1. JackLUFC
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    JackLUFC Member

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    Real or fictional places?

    Discussion in 'Setting Development' started by JackLUFC, Jun 7, 2012.

    Hey,
    I'm writing a new novel and would like some advice. Basically, it's a crime novel and my main character lives in New York City, but in the book he's on vacation somewhere in the north-east USA still, but I'm unsure where yet. I was thinking Martha's Vineyard or maybe Atlantic City but I'm not sure whether it'd be libellous to set a crime novel in a real place? I know for larger cities it's okay, such as NYC and London, as many have been set there previously, but I'm unsure of the general protocol on smaller towns? I wouldn't want to write it, only to find out that what I've written was libellous.
    Thanks for any advice and help.
     
  2. mammamaia
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    mammamaia nit-picker-in-chief Contributor

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    towns don't sue writers for libel unless they're unfairly portrayed as undesirable places to be, thus scaring off tourists and such... crime occurs everywhere, even on martha's vinyard and especially in a mob-run, casino-based place like AC!

    all you have to do is an amazon search among crime novels for settings in those places and you'd see for yourself how common it is for them to be the settings for fictional crimes...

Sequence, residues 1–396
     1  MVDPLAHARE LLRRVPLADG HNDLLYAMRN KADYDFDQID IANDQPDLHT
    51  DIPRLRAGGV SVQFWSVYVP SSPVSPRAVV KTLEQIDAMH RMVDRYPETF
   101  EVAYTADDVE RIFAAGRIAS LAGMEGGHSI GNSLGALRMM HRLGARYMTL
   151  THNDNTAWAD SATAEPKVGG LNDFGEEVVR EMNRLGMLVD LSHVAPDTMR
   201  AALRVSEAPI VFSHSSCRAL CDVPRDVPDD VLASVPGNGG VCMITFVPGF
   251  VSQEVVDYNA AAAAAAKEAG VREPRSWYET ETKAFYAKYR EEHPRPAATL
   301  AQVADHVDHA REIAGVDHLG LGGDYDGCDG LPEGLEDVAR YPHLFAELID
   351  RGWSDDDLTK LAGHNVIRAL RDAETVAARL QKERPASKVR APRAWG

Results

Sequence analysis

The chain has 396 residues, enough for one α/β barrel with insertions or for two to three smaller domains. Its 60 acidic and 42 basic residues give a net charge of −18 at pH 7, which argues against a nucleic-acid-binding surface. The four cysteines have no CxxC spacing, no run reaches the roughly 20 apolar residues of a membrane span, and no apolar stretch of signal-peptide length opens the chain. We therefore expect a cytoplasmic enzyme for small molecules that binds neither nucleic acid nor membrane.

3. JackLUFC
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    JackLUFC Member

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    OK, thanks.
     
  4. chicagoliz
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    chicagoliz Contributing Member Contributor

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    I think you should only set a novel in a specific town if you really know that town or it is important to the story that the action occurs in that particular town. If the setting is an important part of the story, you need to describe the setting well, which if you are doing in a real place, you need to be very familiar with that place. So, if you are from Martha's Vineyard, or have spent a great deal of time there and know it well, go ahead and describe it. But if you haven't, and you just need a general type of place -- a seaside resort town, for example, why not just make one up? You don't necessarily have to name the location. You can hint at it. Remember, beyond libel (which I really don't see as an issue here), you want to keep your story believable. If you leave out some minor detail or get something incorrect, you run the risk of people who are familiar with the actual town totally discounting what you say based on little things -- hey! No one would take that road to go there! or "That restaurant's been closed for years!" or "We don't have a parade on Memorial Day -- what's he talking about???" etc.
     
  5. JackLUFC
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    JackLUFC Member

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    Cheers for the advice, I'll probably just set the story in real places.
     

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